The Confederacy’s ‘heritage’ of slavery
The Confederacy’s ‘heritage’ of slavery
By George E. Curry, NNPA Columnist
The disclosure that Dylann Roof, the ad-mitted killer of nine unarmed African Americans attending Bible study at Emanuel A.M.E. Church June 17 in Charleston, S.C., was photographed dozens of times holstering the rebel flag ignited a long over-due discussion on what that flag represents and prompted the removal of the flag from the state Capitol grounds in Columbia, S.C. after more than 50 years.
An examination of the documents of the states that seceded from the Union, beginning with South Carolina, as well as the statements and documents surrounding those traitorous acts made clear the rebels were primarily worried about one thing – their ability to maintain and expand the institution of slavery.
But Americans, including many Blacks, casually toss about the term “slavery” without comprehending the extent of its cruelty. Below are excerpts from the website his-tory.com that will serve as a reminder:
Slavery in America began when the first African slaves were brought to the North American colony of Jamestown, Virginia, in 1619, to aid in the production of such lucrative crops as tobacco. Slavery was practiced throughout the American colonies in the 17th and 18th centuries, and African-American slaves helped build the economic foundations of the new nation.
The invention of the cotton gin in 1793 solidified the central importance of slavery to the South’s economy. By the mid-19th century, America’s westward expansion, along with a growing abolition movement in the North, would provoke a great debate over slavery that would tear the nation apart in the bloody American Civil War (1861-65).
Though it is impossible to give accurate figures, some historians have estimated that 6 to 7 million slaves were imported to the New World during the 18th century alone, depriving the African continent of some of its healthiest and ablest men and women.
In the 17th and 18th centuries, black slaves worked mainly on the tobacco, rice and indigo plantations of the southern coast. After the American Revolution (1775-83), many colonists (particularly in the North, where slavery was relatively unimportant to the economy) began to link the oppression of black slaves to their own oppression by the British, and to call for slavery’s abolition.
Slavery did not dominate the economy of the North like it did the South. Over a 30-year period from 1774 until 1804, each northern state abolished slavery.
Though the U.S. Congress outlawed the African slave trade in 1808, the domestic trade flourished, and the slave population in the U.S. nearly tripled over the next 50 years. By 1860 it had reached nearly 4 million, with more than half living in the cotton-producing states of the South.
Slave owners sought to make their slaves completely dependent on them, and a system of restrictive codes governed life among slaves. They were prohibited from learning to read and write, and their behavior and movement was restricted. Many masters took sexual liberties with slave women, and rewarded obedient slave behavior with favors, while rebellious slaves were brutally punished.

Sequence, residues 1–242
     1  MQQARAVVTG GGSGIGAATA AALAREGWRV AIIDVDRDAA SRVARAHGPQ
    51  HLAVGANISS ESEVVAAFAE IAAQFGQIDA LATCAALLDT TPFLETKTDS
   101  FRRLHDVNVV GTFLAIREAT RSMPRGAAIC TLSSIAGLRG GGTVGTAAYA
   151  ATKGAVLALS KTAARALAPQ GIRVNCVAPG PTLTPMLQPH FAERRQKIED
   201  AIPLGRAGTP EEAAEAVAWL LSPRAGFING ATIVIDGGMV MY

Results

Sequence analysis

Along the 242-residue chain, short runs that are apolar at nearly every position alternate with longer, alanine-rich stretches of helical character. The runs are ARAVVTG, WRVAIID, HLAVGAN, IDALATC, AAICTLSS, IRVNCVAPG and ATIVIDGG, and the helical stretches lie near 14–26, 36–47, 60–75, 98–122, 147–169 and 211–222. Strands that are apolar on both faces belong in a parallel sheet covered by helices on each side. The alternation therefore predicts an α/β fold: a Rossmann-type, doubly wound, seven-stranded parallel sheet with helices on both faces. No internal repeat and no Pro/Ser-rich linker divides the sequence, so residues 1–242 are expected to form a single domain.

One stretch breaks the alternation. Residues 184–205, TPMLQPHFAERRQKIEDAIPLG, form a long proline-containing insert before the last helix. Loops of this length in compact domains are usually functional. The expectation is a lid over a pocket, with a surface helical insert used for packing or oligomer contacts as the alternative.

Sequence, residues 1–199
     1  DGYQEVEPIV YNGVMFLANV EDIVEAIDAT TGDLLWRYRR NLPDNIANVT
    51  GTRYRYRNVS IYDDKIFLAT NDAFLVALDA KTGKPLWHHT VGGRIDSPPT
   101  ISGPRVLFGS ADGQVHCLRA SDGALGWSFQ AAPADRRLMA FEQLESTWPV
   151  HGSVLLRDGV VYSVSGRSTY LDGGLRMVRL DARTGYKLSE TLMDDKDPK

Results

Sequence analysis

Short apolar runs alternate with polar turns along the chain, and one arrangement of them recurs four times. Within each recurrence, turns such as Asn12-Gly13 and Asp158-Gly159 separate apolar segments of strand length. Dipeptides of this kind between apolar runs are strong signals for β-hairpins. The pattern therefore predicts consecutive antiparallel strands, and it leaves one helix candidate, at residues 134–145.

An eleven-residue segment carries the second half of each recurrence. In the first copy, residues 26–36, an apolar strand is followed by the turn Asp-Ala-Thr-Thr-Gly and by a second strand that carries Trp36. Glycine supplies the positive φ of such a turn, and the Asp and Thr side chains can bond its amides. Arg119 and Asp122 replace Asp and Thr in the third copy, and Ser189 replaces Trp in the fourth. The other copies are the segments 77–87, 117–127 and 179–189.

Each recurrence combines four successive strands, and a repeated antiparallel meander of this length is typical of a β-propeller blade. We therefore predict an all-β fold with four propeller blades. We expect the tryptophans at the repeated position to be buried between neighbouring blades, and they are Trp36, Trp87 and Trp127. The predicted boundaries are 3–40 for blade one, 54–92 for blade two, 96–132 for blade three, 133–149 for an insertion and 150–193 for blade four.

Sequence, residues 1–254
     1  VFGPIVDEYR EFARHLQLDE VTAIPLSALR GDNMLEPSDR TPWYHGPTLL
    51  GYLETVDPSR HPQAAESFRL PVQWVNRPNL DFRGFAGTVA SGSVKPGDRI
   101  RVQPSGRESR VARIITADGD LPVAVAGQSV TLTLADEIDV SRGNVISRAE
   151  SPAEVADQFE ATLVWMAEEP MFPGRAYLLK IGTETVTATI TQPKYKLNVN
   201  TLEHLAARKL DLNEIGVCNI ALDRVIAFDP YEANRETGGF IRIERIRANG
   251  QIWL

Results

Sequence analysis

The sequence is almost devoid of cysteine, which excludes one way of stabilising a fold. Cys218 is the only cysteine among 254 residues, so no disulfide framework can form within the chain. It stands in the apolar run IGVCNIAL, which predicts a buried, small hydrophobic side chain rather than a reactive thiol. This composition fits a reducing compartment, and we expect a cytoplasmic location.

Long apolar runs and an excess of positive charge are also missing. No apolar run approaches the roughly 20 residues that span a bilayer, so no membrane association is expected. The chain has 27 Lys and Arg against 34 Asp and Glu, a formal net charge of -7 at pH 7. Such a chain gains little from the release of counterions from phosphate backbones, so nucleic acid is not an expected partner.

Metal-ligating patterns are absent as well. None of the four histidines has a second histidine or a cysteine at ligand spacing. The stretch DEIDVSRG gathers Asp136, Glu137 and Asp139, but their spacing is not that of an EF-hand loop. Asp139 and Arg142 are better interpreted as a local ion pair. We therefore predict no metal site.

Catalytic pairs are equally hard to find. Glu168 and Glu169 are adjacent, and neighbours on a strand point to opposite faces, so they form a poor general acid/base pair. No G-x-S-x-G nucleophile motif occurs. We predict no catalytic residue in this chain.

Even against tremendous odds and at a distinct disadvantage, enslaved Africans rebelled every way possible, including taking up arms. The most famous rebellions involved
Gabriel Prosser in Richmond, Va.; Denmark Vesey in Charleston, S.C. and the most famous was one led by Nat Turner in 1831. Turner’s group, which grew to approximately 75 men, went from farm to farm in Southampton County, Va., killing more than 50 White slaveholders over two days. When they were captured, the men were immediately killed by White slave owners who had formed militias. Turner eluded capture for two months. When caught, he was quickly tried and hung.
Free blacks and other antislavery northerners had begun helping fugitive slaves escape from southern plantations to the North via a loose network of safe houses as early as the 1780s. This practice, known as the Underground Railroad, gained real momentum in the 1830s and although estimates vary widely, it may have helped anywhere from 40,000 to 100,000 slaves reach freedom.
The South would reach the breaking point …when Republican candidate Abraham Lincoln was elected as president. Within three months, seven southern states had seceded to form the Confederate States of America; four more would follow after the Civil War (1861-65) began. Though Lincoln’s antislavery views were well established, the central Union war aim at first was not to abolish slavery, but to preserve the United States as a nation. Abolition became a war aim only later, due to military necessity, growing anti-slavery sentiment in the North and the self-emancipation of many African Americans who fled enslavement as Union troops swept through the South. Five days after the bloody Union victory at Antietam in September 1862, Lincoln issued a preliminary emancipation proclamation, and on January 1, 1863, he made it official that “slaves within any State, or designated part of a State…in rebellion,…shall be then, thenceforward, and forever free.”